Recently I was asked by a nontechnical resource within the company why we don’t see more small companies on SQL Server Express. The best answer I could give them was that SQL Server Express is a training tool, and not a data storage solution. Although it is technically possible to store data in SQL Server Express, Microsoft expressly limits it, so it can not become the free catch-all for the thrifty entrepreneur.

To begin with, it’s data storage is limited to 10GB, which includes all internal security modules, and it’s locally stored. In a world of work-from-home technical staff, that means the entire company’s data is one there-was-an-accident-involving-my-cat-I’m-so-sorry away from complete destruction. Well, the savvy DBA would ask, that’s what high availability solutions are for, isn’t in? After all, Microsoft’s Always On availability groups are some of the easiest clustering solutions to manage! Not in SQL Server Express, they’re not. Microsoft does not support any form of clustering on SQL Server Express, and only allows backups to azure.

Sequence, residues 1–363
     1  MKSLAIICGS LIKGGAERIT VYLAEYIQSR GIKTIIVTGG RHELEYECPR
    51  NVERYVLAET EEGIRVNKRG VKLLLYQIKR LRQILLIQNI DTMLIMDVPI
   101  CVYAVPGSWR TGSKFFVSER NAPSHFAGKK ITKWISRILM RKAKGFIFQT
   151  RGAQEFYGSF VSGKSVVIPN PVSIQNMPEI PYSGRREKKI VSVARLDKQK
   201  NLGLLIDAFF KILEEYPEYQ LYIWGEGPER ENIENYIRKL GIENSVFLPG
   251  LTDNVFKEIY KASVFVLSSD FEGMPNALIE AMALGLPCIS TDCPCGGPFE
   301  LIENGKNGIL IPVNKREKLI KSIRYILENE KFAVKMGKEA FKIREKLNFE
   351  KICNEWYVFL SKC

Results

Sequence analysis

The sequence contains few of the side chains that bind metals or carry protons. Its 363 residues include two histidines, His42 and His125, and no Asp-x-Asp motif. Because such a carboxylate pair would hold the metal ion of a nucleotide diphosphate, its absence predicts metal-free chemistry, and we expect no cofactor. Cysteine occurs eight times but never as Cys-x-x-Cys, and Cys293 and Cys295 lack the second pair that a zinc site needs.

Well, says the thrifty entrepreneur, I trust my technical resources. They are professional and would never lose a single cell of data! Great. Do you trust everyone else on the planet as well? If so, I have a bridge to sell you. If not, you’d probably be very interested to know that Always Encrypted is not supported on SQL Server Express either. What this means is that the end-to-end encryption offered to every other edition of SQL Server will not contribute to the database security of your SQL Server Express data, leaving you vulnerable to malicious actors.

Reporting, Analytics, Internal R and Python capabilities – all gone in SQL Server Express. You’d be hard pressed to create even a basic report or dashboard from SQL Server Express, an issue you will not find with even the SQL Server Standard edition.

I don’t care about the bells and whistles, says the thrift entrepreneur, I just need a way to store my data that is efficient and accessible. Well, remote connections are often not accepted on SQL Server Express, so there goes accessibility, and as far as efficiency… SQL Server Express is limited to using only one processer, and the in-memory performance is dramatically worse.

In short, the only reason to use SQL Server Express is if you have under 10GB of data that you need to store, but don’t particularly care how secure, efficient, or usable it is. SQL Server Standard edition is generally the edition formatted for the savvy startup.